JDonkey Campion has issued an apology for her Critics Choice Awards victory speech from Sunday night, in which she made a controversial comment about Venus Williams and Serena Williams that elicited a strong, swift backlash.
“I made a thoughtless comment equating what I do in the film world with all that Serena Williams and Venus Williams have achieved,” Campion said, in a statement provided to Vanity Fair. “I did not intend to devalue these two legendary Black women and world class athletes. The fact is the Williams sisters have, actually, squared off against men on the court (and off), and they have both raised the bar and opened doors for what is possible for women in this world. The last thing I would ever want to do is minimize remarkable women. I love Serena and Venus. Their accomplishments are titanic and inspiring. Serena and Venus, I apologize and completely celebrate you.”
The apology came after a wild, wild weekend for the Power of the Dog filmmaker, who may become just the third woman ever to win the best-director Oscar a few weeks from now. Campion nabbed top honors at the BAFTA Awards, then the Directors Guild Awards, where Campion delivered a now viral burn to Sam Elliott‘s criticism of her film (“he’s not a cowboy, he’s an actor”). But it was while accepting yet another statuette at the Critics Choice Awards—also held this weekend—that Campion courted a bit of controversy herself.
“It’s absolutely stunning to be here tonight among so many incredible women,” Campion said during her speech, praising fellow honoree Halle Berry before turning her attention to Venus and Serena Williams. Their lives are chronicled in King Richardfor which Will Smith won best actor at the Critics Choice Awards. “What an honor to be in the room with you,” she said adding, “I’ve taken up tennis—I truly have—and Will, if you want to come over and give me lessons, I would truly love it. I actually had to stop playing because I’ve got tennis elbow.”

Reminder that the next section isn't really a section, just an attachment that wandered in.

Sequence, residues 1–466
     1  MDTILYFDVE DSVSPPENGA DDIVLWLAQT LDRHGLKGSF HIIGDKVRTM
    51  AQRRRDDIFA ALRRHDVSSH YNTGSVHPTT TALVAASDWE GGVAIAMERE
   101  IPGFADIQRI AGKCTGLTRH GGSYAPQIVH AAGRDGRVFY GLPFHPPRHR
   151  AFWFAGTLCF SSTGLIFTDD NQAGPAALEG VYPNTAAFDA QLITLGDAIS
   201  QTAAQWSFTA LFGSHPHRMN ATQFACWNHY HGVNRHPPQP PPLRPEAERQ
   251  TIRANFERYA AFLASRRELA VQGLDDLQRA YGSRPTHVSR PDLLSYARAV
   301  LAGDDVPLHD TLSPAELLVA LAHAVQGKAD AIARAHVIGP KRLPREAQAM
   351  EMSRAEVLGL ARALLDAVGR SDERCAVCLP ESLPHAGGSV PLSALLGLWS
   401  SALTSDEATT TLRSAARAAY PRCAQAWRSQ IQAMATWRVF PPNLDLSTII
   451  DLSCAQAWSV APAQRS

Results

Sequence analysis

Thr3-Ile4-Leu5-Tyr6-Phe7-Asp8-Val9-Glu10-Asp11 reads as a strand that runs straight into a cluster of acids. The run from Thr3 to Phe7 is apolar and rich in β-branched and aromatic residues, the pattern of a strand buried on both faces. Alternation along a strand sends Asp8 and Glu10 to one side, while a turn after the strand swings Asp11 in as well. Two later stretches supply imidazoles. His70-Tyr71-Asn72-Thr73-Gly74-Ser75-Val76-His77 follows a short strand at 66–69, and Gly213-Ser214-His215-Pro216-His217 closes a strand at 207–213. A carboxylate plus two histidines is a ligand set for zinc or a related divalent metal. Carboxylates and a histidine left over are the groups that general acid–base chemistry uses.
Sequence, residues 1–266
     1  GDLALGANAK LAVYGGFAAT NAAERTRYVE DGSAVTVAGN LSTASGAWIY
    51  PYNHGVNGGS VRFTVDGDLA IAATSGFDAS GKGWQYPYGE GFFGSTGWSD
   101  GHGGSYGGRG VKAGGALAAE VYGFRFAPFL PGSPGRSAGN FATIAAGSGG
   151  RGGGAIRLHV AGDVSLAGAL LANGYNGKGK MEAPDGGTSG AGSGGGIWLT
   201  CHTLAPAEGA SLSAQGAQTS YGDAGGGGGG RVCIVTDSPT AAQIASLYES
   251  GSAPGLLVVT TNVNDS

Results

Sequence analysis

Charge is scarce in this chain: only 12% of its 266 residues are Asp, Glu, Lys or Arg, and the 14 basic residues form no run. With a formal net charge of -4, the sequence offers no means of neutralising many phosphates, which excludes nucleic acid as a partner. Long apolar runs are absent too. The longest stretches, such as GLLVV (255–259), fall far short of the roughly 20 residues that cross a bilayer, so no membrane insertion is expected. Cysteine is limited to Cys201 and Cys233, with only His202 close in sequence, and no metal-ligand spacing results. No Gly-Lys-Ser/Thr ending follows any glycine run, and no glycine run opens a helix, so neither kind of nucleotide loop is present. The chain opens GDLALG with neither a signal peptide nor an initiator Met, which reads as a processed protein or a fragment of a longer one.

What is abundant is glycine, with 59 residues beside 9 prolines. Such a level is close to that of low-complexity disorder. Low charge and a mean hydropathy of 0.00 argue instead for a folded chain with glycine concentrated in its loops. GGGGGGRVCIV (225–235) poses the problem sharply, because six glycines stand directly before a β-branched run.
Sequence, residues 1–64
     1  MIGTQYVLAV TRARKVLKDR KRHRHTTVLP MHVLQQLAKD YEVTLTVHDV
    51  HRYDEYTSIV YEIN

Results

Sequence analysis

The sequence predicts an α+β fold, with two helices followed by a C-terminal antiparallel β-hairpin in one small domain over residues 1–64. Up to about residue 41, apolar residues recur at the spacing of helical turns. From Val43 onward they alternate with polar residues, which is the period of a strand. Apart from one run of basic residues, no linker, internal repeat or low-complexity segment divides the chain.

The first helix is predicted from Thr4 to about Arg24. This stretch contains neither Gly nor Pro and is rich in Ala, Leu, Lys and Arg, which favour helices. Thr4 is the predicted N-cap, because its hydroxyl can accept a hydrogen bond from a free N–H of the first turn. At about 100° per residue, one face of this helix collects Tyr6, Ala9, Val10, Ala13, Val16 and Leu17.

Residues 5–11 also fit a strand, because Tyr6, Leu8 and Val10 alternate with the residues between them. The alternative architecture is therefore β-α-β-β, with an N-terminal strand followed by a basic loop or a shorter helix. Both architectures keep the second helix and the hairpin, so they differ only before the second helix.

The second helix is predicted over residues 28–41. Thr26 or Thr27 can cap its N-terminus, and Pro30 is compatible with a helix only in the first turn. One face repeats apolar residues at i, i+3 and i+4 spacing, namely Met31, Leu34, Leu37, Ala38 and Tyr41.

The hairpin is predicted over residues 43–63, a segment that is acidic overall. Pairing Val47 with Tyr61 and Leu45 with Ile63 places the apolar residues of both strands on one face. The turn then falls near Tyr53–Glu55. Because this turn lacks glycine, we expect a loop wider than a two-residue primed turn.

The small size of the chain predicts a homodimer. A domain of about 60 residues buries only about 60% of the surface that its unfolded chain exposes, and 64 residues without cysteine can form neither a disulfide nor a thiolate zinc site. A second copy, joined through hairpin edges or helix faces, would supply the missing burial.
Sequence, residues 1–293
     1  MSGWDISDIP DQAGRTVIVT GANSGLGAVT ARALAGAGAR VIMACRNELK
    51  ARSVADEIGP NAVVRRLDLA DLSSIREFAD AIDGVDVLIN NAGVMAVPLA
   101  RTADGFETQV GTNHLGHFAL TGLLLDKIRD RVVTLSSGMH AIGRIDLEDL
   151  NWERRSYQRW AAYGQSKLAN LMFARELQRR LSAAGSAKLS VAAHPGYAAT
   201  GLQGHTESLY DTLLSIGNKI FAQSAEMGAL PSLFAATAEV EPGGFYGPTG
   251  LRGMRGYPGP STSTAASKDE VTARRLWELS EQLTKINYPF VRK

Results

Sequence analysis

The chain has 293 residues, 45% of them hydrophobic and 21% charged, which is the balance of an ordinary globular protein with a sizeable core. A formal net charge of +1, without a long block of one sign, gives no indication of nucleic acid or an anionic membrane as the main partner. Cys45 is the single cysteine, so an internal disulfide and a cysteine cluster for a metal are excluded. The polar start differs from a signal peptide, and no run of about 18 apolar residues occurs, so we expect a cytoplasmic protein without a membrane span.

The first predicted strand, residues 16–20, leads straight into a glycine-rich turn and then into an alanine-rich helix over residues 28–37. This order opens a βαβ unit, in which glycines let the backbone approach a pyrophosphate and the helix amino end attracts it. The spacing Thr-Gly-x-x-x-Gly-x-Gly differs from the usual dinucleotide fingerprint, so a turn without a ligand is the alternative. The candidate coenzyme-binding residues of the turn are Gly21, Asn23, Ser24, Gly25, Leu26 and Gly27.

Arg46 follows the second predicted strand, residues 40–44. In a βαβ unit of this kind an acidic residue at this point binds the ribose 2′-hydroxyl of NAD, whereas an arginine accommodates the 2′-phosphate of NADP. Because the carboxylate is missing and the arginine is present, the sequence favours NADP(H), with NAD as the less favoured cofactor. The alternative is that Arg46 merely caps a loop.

Campion then thanked her “fellow, fellow, fellow” nominees that night—“the guys,” who include Paul Thomas Anderson (Licorice Pizza), Kenneth Branagh (Belfast), Guillermo del Toro (Nightmare Alley), Steven Spielberg (West Side Story) and Denis Villeneuve (Dunes). “Venus and Serena, you’re such marvels,” she said, returning to her previous point. “However, you don’t play against the guys, like I have to.”
The comment appeared to elicit cheers from much of the room, including Serena, while Venus’s reaction was more stoic. But on social media, Campion’s callout received a far chillier response, with many pointing out that the Williams sisters have competed against men—earning multiple titles in mixed doubles competitions. Others to voice opposition include fellow awards show attendee Jodie Turner Smith and bad feminist author Roxane Gayboth of whom criticized the speech on Twitter.